Is 100 Percent Debt Optimal? Three Essays on Aggressive Capital Structure and Myth of Negative Book Equity Firms
Description: This dissertation comprises of three related essays in regard of puzzling negative book equity phenomenon among U.S. public firms. In essay 1, I present the evidence that there is an increasing trend of negative book equity firms over the past 50 years, from 0.3% up to over 5% among publicly traded firms in US. In contrast to previous research which generally classify these firms as distressed firms with highly likelihood of bankruptcy, I propose a new method to separate Healthy Negative Book Equity Firms (HNBEF) from relatively more distressed negative book equity firms. The results show that HNBEF have much higher net income and interest coverage ratio, they survive longer, and pay more dividends. More interestingly, these firms are often actively increase share repurchases and debt issuance. These facts, combined with their strong profitability, indicate that managers of these firms are actively increasing their leverage and choose to be negative book equity firms. To explain the existence of HNBEF, in essay 2, I investigate several possible reasons that may contribute to the extreme leverage of these firms. I find that HNBEF are substantially undervalued by their book assets as stated on the balance sheet. In addition, the value of intangible assets, especially those off-balance sheet intangible assets, is positively related to the probability of becoming HNBEF. Moreover, I find that characteristics of intangible assets and firms also play important role on existence of HNBEF. Specifically, I find that both liquidity and redeployability of intangible assets are positively related with the probability of becoming HNBEF. Also, firms associated with closer borrower-lender relationship are more likely to become HNBEF. To investigate if the aggressive capital structure adopted by HNBEF is optimal, in essay 3, I performed several tests to analyze how these firms differ from other firms in terms of operating performance, ...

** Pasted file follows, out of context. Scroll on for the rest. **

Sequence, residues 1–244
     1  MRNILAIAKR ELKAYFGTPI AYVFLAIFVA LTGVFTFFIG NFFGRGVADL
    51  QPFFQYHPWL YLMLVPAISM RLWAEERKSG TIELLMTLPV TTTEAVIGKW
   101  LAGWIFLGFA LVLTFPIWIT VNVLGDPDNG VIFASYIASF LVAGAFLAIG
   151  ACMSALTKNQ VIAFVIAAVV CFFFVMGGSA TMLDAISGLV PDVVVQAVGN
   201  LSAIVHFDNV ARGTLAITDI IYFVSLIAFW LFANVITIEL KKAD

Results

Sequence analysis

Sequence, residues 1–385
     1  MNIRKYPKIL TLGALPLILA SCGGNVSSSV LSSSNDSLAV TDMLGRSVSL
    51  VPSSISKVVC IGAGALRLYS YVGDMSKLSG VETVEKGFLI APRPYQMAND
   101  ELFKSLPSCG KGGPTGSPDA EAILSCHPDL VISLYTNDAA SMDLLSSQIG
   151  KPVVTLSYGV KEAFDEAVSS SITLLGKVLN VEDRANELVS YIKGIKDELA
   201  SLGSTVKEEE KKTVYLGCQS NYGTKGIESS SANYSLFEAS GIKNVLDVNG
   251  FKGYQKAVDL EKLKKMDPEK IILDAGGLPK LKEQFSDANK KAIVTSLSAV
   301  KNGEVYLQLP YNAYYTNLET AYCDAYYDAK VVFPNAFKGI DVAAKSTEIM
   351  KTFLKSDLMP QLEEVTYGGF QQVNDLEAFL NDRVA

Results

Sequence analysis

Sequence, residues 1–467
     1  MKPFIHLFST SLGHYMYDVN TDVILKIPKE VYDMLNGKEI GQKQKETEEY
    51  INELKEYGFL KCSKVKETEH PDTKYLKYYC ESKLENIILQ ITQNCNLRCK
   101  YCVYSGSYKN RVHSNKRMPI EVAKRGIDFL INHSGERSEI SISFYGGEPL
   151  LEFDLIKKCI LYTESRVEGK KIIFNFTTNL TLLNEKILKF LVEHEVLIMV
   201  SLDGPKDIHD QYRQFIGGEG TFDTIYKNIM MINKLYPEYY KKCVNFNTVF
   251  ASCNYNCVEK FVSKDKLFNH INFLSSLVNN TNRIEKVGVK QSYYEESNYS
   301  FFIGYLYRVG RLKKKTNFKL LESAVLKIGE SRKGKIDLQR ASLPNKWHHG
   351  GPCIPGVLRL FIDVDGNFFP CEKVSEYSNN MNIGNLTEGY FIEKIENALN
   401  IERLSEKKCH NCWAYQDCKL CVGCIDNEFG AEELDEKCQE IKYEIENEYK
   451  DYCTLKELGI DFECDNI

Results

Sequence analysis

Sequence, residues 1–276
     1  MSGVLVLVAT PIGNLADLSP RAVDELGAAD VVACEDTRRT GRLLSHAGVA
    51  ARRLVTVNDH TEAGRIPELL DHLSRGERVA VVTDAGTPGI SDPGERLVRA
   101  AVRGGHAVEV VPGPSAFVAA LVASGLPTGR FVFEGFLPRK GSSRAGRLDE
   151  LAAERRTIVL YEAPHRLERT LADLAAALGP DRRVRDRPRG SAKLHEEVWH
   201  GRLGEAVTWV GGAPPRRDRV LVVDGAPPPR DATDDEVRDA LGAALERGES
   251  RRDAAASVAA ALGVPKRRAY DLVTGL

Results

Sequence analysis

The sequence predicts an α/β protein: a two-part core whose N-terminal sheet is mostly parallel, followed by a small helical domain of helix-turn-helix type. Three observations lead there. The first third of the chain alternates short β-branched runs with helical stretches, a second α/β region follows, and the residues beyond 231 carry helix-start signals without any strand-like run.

Date: August 2016
Creator: Luo, Haowen
Partner: UNT Libraries